Bosnians in Death and the Dervish

Hasan remembered how in Constantinople he had spoken about the dignity of his countrymen, and laughed. Fortunately for himself, he did not hold anything against anyone or complain. He took everything that happened to him like a cruel joke. Others are even worse, he would say, and it seemed to me that he was defending his earlier enthusiasm more than  []

Hassan in Constantinople: Portrait of Bosnia from “Death and the Dervish”

Hassan adapted badly. He was oversensitive about everything concerning himself and his homeland and convinced of human values that he thought would be recognized everywhere. Finding himself in the rich imperial city, with its intricate connections and relationships between people—necessarily merciless, like among sharks in the deep sea, falsely polite, hypocritically polished, interwoven like the threads of a spider’s web—the  []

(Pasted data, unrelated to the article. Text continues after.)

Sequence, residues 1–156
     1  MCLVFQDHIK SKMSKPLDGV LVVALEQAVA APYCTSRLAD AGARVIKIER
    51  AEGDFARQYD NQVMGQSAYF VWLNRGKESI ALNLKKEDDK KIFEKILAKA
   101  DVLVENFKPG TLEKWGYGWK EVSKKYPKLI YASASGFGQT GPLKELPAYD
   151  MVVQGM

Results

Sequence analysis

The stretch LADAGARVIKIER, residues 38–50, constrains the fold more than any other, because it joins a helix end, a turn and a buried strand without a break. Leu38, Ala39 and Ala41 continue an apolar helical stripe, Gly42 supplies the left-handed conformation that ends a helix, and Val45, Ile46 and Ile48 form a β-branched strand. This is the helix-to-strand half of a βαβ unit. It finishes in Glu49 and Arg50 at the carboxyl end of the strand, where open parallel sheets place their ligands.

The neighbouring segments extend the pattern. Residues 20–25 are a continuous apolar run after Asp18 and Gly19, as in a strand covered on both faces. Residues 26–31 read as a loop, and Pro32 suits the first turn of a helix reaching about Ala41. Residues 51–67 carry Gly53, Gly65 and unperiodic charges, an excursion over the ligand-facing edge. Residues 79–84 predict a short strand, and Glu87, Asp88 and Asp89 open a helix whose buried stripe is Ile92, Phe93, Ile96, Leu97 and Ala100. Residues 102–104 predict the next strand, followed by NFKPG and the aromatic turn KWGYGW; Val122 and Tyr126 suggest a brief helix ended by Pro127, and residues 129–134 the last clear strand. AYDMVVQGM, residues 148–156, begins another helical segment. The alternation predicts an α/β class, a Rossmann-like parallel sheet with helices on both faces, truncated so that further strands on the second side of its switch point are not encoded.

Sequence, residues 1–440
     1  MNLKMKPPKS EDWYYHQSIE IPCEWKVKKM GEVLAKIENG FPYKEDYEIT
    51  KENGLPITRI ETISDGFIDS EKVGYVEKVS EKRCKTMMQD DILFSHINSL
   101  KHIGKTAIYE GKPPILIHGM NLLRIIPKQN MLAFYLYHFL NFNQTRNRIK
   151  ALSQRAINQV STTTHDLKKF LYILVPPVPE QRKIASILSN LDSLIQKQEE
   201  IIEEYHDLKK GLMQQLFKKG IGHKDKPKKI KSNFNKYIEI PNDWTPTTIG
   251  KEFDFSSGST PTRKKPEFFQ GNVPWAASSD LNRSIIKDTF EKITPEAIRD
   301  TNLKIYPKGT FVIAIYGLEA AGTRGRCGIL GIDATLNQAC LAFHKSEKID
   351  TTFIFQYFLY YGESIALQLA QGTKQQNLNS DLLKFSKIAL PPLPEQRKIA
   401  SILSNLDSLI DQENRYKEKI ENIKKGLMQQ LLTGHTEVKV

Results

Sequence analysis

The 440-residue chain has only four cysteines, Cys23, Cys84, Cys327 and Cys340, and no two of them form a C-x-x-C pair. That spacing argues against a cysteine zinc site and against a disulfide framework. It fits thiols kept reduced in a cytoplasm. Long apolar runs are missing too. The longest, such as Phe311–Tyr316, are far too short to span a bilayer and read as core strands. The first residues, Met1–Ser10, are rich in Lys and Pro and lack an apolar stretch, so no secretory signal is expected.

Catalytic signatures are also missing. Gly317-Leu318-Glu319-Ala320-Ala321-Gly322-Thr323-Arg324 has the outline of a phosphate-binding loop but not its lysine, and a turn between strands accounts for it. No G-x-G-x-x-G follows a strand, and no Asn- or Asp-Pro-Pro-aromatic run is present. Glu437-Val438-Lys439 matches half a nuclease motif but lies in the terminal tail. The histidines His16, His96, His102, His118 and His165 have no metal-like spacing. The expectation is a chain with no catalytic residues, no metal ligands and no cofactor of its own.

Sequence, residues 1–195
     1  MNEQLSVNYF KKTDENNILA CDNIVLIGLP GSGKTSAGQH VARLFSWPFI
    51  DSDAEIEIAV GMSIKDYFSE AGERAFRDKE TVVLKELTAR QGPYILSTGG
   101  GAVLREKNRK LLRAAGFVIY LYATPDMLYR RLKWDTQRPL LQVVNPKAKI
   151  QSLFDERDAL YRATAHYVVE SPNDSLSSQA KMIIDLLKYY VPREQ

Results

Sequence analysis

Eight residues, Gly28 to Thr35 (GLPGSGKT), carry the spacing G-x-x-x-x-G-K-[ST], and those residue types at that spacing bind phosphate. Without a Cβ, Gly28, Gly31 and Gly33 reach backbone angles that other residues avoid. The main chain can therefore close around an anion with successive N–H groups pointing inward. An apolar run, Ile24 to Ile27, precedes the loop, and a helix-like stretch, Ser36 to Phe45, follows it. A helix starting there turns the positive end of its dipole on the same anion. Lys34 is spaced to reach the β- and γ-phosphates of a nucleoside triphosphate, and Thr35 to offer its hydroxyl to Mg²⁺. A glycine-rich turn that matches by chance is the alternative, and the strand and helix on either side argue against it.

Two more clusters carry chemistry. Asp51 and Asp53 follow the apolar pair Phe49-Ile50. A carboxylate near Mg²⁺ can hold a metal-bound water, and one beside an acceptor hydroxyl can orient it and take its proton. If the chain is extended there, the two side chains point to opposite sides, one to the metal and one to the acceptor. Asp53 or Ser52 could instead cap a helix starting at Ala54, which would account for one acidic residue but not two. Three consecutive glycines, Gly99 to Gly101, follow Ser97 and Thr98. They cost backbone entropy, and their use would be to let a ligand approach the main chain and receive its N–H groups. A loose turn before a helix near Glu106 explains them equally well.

Isak Samokovlija

After the Second World War, Samokovlija dedicated one of his stories to his mother, Sara, with these words: “I’m happy that she died before the war and did not experience the horrors to which we have been witnesses.” I cite this dedication, the bitterest of all dedications I know, with an uncertain memory, for nowhere in his collected or selected  []